One female found the bee balm to be a good place to rest, understandable since these bundles of energy have a high metabolic rate. Their hearts beat up 1260 times per minute and they take about 250 breaths per minute even when they are resting! Taking a few sips while remaining perched has to be a welcome luxury.

 

 

 

 

The hummers’ main wing bone, the humerus, is adapted to hovering flight and they have very large deltoid pectoral muscles relative to their size.

 

 

Male birds produce sperm that flows through the vas deferens (sperm duct) to the cloaca. When they mate with a female, they transfer sperm by touching the tip of their cloaca to that of the female; they do not have a penis. Females only have a functional left ovary; the right one atrophies early in her development, which allows her to avoid the extra weight of a second ovary and makes her lighter for long migratory flights.

One big treat for me this year was finding two ruby-throated hummingbird females tending a nest, the first time I had been able to spot this.

 

Later, I was able to take a quick photo of one female collecting cattail fluff with which to line her nest.

Even when several ruby-throats are frequenting an area, the (temporary) coloring of their feathers can help distinguish them. This young male had a few olive-green dots under his eye and a bit of white on the crown of his head.

 

A somewhat more mature male has a little white patch behind his red gorget.

 

They are all little beauties! Second part of this blog is coming up and then on to Costa Rica!

Hungry hairy herons and their caring parents

A little over a week ago, fellow photographer Mary posted a wonderful photo of young green herons (Butorides virescens) perched in a row awaiting their parents. They still had very fuzzy hairdos, reminding me a bit of a row of Albert Einsteins. About 4 days later, I drove to the pond in a senior citizen residential community to see them and they had already lost most of – but not all – the fuzz atop their heads. That didn’t matter though because it was a real pleasure watching them for a while.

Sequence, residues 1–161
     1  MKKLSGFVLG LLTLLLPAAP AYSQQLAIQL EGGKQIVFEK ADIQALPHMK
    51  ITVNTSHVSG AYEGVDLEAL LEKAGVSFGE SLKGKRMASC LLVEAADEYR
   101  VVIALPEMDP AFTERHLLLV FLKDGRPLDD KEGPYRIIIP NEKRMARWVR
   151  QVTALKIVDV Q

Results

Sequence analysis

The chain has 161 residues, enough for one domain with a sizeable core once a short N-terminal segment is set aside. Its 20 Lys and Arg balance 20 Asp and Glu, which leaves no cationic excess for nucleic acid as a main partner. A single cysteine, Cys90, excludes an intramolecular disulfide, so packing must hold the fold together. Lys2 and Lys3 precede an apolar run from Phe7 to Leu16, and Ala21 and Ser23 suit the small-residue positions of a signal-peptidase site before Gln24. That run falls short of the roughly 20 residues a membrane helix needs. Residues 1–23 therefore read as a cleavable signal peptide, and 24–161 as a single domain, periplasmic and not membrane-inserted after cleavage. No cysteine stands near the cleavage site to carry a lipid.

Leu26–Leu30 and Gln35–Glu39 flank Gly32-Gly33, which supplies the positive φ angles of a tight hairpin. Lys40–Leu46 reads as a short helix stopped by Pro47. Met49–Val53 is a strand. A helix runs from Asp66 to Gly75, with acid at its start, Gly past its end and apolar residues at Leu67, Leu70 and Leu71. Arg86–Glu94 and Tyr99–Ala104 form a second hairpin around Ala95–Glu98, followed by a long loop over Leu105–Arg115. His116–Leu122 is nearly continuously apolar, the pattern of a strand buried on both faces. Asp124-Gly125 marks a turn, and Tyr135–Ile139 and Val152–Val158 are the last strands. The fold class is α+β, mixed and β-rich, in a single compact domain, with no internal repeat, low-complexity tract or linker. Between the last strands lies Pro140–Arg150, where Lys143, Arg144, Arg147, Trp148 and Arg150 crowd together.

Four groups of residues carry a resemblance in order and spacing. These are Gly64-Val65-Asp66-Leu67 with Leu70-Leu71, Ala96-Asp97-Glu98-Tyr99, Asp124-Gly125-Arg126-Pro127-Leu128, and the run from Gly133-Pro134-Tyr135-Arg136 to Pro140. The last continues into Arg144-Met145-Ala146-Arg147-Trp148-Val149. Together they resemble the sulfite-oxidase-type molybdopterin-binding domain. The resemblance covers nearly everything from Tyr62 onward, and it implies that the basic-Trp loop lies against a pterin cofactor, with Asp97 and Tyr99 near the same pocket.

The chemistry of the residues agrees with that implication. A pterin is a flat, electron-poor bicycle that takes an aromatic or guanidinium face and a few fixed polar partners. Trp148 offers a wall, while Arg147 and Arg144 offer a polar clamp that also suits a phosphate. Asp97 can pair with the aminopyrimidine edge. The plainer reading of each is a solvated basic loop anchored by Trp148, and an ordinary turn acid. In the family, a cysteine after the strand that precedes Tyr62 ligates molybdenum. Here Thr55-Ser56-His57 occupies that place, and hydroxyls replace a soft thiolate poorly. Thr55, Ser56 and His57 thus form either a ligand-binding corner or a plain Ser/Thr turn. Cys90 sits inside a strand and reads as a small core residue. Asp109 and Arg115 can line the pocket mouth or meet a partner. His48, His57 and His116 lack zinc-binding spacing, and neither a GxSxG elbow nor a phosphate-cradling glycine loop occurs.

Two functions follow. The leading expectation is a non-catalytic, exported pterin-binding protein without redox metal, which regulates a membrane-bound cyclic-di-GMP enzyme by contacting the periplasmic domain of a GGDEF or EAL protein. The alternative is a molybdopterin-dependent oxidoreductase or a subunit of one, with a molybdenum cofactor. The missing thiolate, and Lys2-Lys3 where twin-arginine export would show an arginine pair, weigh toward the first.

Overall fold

Friend Lucretia had accompanied me and we were lucky enough to park right near the end of the pond where the sibling group was parked. Only one was out on a limb when we arrived; the three brothers/sisters were in hiding in the thick shrubs bordering the pond.

The bold juvenile may have been the eldest of the quartet as s/he seemed to have lost the most fuzzy feathers.

 

 

S/he groomed, looked around and then yawned hugely – making me think of how I often want to react to much of the news that is shown in the media these days. This was followed by what looked like a smile and happy reaction, which is how I often feel when out taking one of my nature walks!

 

After a while, a couple of No. 1’s siblings began moving around in the brush, eventually coming out into the open.

In the meantime, No. 1 took the time to defecate; gotta take care of those body functions! (It’s interesting that birds all have white poop. The fecal sacs that songbirds take out of nests are white; this bird’s stream of feces was white. Why? Here’s a tidbit of information you might not know: Birds’ bodies do not produce urine as mammals do. Rather, they excrete nitrogen wastes as uric acid in the form of a white paste.)

Another sibling did some preening.

 

 

 

As we walked around the end of the pond, it turned out that Mama was taking a rest there. (I really can’t tell the male from the female adult but for convenience’s sake just identified her as the mother since she was close by.)

 

After a time, Mama took off and ended up in a perch on the underside of a small dock. It made me wonder if that was a good place to fish because the water might be a bit cooler and perhaps fish were schooling there. A good number of turtles were also swimming about there – perhaps the shady area was just a nice break from the sun-warmed water.

 

 

 

While Mama scanned the deeps, a nice song sparrow (Melospiza melodia) and a beautiful Eastern bluebird (Sialia sialis) entertained us with song.

Brown-headed nuthatches, a brown thrasher, and a downy woodpecker (Picoides pubescens) were among the other birds flitting about the trees and shrubs bordering the pond.

While adult green herons sometimes use tools to fish – using twigs or insects as bait – Papa heron was just standing patiently at the other end of the pond, watching the water intently. He suddenly plunged and ingested a small fish, using what one ornithologist called a “bill lunge”, in which the bird keeps it feet in place but stretches its body forward to spear prey with its long bill. Apparently, green herons can also catch prey by hanging upside down from their perches over water.